Allegations that other Indian political parties (including Prime Minister Narendra Modi’s BJP party) had contracts with the UK company are also circulating.

In his deposition before a UK parliamentary committee on March 28, Wylie described various activities of the data mining firm, which has dominated headlines since mid-March, when journalists from The Observer and The New York Times revealed that the firm exploited Facebook users’ behavioral and psychographic data — without their knowledge — in service of the US presidential campaign of Donald Trump.

In his deposition, Wylie was critical of the company’s work in India and in Kenya, where Cambridge Analytica was hired by the ruling Jubilee party. In a tweet, he compared it to “modern-day colonialism.”

Cambridge Analytica was also involved in election data mining with the intent to undermine elections in Nigeria, Africa’s most populous nation.

Data doubts hit Japan

On the heels of the Cambridge Analytica revelations, Prime Minister Shinzo Abe’s chief cabinet secretary told reporters on March 27 that the Japanese government is investigating unlawful use of personal data gathered from Facebook. Japan’s Personal Information Protection Act prohibits companies from sharing user data with third parties without explicit consent from users.

Protect your Facebook account from data miners

Shortly after news broke of Cambridge Analytica’s non-consensual exploitation of Facebook user data, the Electronic Frontier Foundation published a short guide to help Facebook users limit the degree to which third-party apps can access your data. Check it out here.

Turkey tightens online video laws

Turkey’s parliament passed a new law that empowers the country’s broadcast regulator to impose a licensing scheme for online video platforms (such as YouTube, Periscope and likely Facebook) that will allow the regulator to monitor and sanction platforms that do not promptly comply with content removal requests from the government. All platforms will be required to obtain a license from the regulator — those that fail to do so will risk being blocked altogether.

Syria creates special courts for cybercrime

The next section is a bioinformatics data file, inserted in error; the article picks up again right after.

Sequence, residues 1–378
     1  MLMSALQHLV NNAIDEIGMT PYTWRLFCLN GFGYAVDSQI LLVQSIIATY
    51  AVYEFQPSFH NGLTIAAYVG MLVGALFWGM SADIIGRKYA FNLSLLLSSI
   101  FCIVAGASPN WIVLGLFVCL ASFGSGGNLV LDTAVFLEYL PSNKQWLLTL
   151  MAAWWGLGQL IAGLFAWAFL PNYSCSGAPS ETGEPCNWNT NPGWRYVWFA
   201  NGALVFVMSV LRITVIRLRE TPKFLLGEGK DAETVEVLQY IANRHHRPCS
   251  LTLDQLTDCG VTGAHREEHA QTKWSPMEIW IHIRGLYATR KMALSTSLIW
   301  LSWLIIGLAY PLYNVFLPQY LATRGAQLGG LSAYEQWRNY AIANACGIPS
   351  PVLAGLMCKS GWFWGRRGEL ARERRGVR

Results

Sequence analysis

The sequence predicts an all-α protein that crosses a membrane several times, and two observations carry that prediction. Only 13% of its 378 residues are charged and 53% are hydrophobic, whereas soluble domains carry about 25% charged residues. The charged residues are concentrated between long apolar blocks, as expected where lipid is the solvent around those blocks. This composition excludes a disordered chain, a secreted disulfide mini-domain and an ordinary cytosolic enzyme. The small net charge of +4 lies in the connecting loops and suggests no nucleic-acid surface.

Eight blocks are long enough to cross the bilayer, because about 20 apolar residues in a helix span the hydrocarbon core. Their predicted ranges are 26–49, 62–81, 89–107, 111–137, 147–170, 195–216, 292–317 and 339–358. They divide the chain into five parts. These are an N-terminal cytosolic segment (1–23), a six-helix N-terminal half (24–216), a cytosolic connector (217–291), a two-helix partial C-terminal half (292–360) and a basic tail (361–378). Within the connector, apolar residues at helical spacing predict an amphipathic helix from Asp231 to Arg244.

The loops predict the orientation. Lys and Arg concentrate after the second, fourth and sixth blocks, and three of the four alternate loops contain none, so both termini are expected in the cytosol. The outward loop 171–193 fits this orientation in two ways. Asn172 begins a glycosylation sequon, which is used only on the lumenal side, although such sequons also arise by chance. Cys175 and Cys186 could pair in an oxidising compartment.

Syria’s Council of Ministers passed an amendment to Cybercrime Law 17/2012, which penalizes “anyone who incites or promotes crime through computer networks” with prison sentences ranging between one and three years and a fine of up to US$1,500. The amendment creates a specialized court of first instance for cybercrime cases, whose rulings can then be challenged at the Court of Appeal. Previously, individuals charged under the Cybercrime Law could be tried in any court, including military tribunals.

Myanmar activists push back against defamation law

Responding to Myanmar’s notorious criminal defamation law, local tech hub Phandeeyar has launched an online database called #SayNOto66d, in partnership with a coalition of 22 civil society organizations. Under Article 66D, a person can be fined and/or imprisoned for up to three years if they are found guilty of “extorting, coercing, restraining wrongfully, defaming, disturbing, causing undue influence or threatening to any person by using any Telecommunications Network.”

According to the database, 61% of those who have been prosecuted under the law were “raising awareness of issues and holding others to account.” Half of the cases involved criticism of the state. All those who have been charged under the law have also been convicted.

Australian legislators want to protect encryption (really)

Australian Green Party Senator Jordan Steele-John put forth a motion to support laws protecting strong encryption in digital communication technologies and to fortify requirements for investigators to obtain a warrant before undertaking digital surveillance of citizens suspected of criminal activity.